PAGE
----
Re: Why Python3

Discussion in 'Python' started by MRAB, Jun 28, 2010.

  1. MRAB

    MRAB Guest

    Stephen Hansen wrote:
    > On 6/27/10 6:09 PM, MRAB wrote:
    >> Terry Reedy wrote:
    >>> Another would have been to add but never remove anthing, with the
    >>> consequence that Python would become increasingly difficult to learn
    >>> and the interpreter increasingly difficult to maintain with
    >>> volunteers. I think 2.7 is far enough in that direction.
    >>>

    >> [snip]
    >> It's clear that Guido's time machine is limited in how far it can travel
    >> in time, because if it wasn't then Python 1 would've been more like
    >> Python 3 and the changes would not have been necessary! :)

    >
    > I'm pretty sure he wrote the Time Machine in Python 1.4, or maybe 1.3?
    > Either way, its well established that a time machine can't go back in
    > time any farther then the moment its created.
    >
    > I don't at all remember why, don't even vaguely understand the physics
    > behind it, but Morgan Freeman said it on TV, so its true.
    >

    That's if the time machines uses a wormhole:

    >>> import wormhole


    Unfortunately it's not part of the standard library. :-(

    > So he couldn't go back and fix 1.0, physics won't allow him. So we're
    > stuck with the Py3k break. :)
    >
     
    MRAB, Jun 28, 2010
    #1
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  2. MRAB

    eric dexter Guest

    On Jun 27, 7:46 pm, MRAB <> wrote:
    > Stephen Hansen wrote:
    > > On 6/27/10 6:09 PM, MRAB wrote:
    > >> Terry Reedy wrote:
    > >>> Another would have been to add but never remove anthing, with the
    > >>> consequence that Python would become increasingly difficult to learn
    > >>> and the interpreter increasingly difficult to maintain with
    > >>> volunteers. I think 2.7 is far enough in that direction.

    >
    > >> [snip]
    > >> It's clear that Guido's time machine is limited in how far it can travel
    > >> in time, because if it wasn't then Python 1 would've been more like
    > >> Python 3 and the changes would not have been necessary! :)

    >
    > > I'm pretty sure he wrote the Time Machine in Python 1.4, or maybe 1.3?
    > > Either way, its well established that a time machine can't go back in
    > > time any farther then the moment its created.

    >
    > > I don't at all remember why, don't even vaguely understand the physics
    > > behind it, but Morgan Freeman said it on TV, so its true.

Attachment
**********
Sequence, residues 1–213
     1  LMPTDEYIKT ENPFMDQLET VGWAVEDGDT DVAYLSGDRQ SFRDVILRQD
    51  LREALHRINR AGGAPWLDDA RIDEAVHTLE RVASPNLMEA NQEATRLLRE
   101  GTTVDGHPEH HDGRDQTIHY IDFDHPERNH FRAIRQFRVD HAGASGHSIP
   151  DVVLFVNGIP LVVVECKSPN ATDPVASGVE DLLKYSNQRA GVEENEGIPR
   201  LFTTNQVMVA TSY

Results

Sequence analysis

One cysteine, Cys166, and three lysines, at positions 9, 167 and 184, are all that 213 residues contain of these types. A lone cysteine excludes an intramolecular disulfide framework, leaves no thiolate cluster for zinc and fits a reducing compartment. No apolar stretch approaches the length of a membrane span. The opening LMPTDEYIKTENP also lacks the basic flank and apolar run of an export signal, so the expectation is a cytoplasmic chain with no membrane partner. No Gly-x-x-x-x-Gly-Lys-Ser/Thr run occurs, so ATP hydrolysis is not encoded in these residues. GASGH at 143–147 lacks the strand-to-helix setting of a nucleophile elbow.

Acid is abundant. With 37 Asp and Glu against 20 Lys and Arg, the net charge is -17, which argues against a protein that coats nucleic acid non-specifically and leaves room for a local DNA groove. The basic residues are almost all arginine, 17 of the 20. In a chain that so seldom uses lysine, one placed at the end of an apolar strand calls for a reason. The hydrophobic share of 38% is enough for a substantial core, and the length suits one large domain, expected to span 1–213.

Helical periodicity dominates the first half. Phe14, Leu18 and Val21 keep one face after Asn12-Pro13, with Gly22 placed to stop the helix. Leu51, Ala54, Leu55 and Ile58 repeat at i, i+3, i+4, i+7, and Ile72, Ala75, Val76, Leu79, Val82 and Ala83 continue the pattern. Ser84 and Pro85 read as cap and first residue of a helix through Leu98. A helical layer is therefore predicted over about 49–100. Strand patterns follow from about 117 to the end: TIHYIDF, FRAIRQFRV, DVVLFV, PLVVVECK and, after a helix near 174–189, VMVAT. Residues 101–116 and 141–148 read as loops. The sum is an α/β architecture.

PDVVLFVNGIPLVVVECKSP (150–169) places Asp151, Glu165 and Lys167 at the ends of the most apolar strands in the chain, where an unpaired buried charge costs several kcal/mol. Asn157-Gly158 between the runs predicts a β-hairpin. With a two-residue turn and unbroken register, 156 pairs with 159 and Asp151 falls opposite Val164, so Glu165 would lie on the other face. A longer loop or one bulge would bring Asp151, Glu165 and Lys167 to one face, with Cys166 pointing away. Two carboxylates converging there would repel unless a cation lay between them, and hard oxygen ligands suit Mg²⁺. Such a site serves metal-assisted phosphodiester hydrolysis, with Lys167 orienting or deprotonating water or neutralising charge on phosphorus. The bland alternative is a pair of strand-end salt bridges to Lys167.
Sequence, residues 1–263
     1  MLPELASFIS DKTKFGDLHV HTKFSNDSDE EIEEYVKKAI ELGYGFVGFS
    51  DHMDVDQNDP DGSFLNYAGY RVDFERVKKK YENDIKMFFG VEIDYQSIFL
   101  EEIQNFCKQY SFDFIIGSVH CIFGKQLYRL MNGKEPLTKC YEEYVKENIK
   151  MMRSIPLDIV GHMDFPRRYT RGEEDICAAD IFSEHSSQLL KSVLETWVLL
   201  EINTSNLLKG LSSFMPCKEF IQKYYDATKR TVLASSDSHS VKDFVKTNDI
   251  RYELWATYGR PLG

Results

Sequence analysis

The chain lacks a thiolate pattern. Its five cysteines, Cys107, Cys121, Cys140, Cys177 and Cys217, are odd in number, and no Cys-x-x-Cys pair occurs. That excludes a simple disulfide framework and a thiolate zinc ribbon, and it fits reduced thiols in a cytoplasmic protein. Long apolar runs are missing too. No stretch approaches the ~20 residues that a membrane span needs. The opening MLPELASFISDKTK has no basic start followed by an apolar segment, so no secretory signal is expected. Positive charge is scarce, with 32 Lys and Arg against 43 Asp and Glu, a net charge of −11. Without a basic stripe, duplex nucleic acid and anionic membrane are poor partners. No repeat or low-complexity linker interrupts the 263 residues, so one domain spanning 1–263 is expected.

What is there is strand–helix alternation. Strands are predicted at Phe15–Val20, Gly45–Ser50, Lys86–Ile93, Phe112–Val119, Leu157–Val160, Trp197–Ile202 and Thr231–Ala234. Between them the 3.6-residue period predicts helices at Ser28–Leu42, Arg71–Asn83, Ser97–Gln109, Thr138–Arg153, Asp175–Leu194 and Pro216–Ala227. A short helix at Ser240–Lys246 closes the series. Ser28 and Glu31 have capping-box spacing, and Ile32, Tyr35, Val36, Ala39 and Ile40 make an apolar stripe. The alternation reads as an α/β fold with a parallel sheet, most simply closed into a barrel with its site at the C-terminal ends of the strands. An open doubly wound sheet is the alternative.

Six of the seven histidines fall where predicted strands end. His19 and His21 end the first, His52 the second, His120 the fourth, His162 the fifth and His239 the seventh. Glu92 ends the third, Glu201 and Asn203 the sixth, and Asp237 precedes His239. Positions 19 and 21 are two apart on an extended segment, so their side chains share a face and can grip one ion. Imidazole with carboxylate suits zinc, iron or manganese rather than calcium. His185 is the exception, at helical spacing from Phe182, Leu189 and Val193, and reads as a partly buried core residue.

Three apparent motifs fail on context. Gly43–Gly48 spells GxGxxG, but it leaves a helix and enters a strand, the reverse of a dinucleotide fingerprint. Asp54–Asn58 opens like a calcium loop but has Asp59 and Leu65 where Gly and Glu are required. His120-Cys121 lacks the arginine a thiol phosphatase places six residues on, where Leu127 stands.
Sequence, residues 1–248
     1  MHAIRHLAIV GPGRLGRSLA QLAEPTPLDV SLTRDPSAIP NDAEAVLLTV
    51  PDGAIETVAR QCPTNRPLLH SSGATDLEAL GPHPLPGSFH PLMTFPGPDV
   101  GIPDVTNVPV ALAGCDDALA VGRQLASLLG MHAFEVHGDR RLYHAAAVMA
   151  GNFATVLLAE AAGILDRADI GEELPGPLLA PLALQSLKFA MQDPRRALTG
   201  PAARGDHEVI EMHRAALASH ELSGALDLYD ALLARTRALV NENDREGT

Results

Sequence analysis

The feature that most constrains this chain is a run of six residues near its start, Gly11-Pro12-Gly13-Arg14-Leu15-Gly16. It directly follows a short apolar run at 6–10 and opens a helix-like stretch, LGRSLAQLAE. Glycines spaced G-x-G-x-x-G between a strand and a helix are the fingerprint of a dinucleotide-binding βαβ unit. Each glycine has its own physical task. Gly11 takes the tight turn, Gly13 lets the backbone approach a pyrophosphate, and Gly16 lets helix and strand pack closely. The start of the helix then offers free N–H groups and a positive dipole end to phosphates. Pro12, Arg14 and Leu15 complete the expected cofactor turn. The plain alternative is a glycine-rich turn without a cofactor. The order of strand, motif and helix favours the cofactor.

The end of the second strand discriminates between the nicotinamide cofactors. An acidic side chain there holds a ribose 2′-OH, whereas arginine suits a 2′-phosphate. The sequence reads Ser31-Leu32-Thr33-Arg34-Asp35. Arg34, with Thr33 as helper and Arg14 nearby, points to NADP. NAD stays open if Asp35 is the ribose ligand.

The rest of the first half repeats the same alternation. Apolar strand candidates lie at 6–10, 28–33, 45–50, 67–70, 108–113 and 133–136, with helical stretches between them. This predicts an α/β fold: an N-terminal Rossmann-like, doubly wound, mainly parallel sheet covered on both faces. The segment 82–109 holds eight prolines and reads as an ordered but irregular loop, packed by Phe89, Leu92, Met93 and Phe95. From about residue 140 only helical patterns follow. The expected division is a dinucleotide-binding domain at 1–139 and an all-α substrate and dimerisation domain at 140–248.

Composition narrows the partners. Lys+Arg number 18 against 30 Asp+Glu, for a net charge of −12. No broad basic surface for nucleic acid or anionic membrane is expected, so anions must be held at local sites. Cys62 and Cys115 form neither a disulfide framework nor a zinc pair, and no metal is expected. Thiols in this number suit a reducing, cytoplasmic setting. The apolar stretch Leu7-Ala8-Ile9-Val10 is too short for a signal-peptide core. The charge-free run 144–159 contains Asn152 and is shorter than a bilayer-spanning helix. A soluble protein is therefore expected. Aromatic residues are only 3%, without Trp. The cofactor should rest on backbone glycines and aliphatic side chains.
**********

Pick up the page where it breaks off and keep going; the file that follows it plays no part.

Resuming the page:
>
    > That's if the time machines uses a wormhole:
    >
    >  >>> import wormhole
    >
    > Unfortunately it's not part of the standard library. :-(
    >
    > > So he couldn't go back and fix 1.0, physics won't allow him. So we're
    > > stuck with the Py3k break. :)

    >
    >


    planned obselence.. It would be nice if a pause was taken at 3.5 and
    a huge number of libraries were made available for 3.5..
     
    eric dexter, Jun 28, 2010
    #2
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  3. On Sun, Jun 27, 2010 at 6:51 PM, eric dexter <> wrote:
    > On Jun 27, 7:46 pm, MRAB <> wrote:
    >> Stephen Hansen wrote:
    >> > On 6/27/10 6:09 PM, MRAB wrote:
    >> >> Terry Reedy wrote:
    >> >>> Another would have been to add but never remove anthing, with the
    >> >>> consequence that Python would become increasingly difficult to learn
    >> >>> and the interpreter increasingly difficult to maintain with
    >> >>> volunteers. I think 2.7 is far enough in that direction.

    >>
    >> >> [snip]
    >> >> It's clear that Guido's time machine is limited in how far it can travel
    >> >> in time, because if it wasn't then Python 1 would've been more like
    >> >> Python 3 and the changes would not have been necessary! :)

    >>
    >> > I'm pretty sure he wrote the Time Machine in Python 1.4, or maybe 1.3?
    >> > Either way, its well established that a time machine can't go back in
    >> > time any farther then the moment its created.

    >>
    >> > I don't at all remember why, don't even vaguely understand the physics
    >> > behind it, but Morgan Freeman said it on TV, so its true.

    >>
    >> That's if the time machines uses a wormhole:
    >>
    >>  >>> import wormhole
    >>
    >> Unfortunately it's not part of the standard library. :-(
    >>
    >> > So he couldn't go back and fix 1.0, physics won't allow him. So we're
    >> > stuck with the Py3k break. :)

    >>
    >>

    >
    > planned obselence..  It would be nice if a pause was taken at 3.5 and
    > a huge number of libraries were made available for 3.5..
    > --


    You mean as opposed to a 2-year pause at 3.1 so that a huge number of
    libraries and alternate Python implementations could catch up?
    http://www.python.org/dev/peps/pep-3003/
     
    Benjamin Kaplan, Jun 28, 2010
    #3
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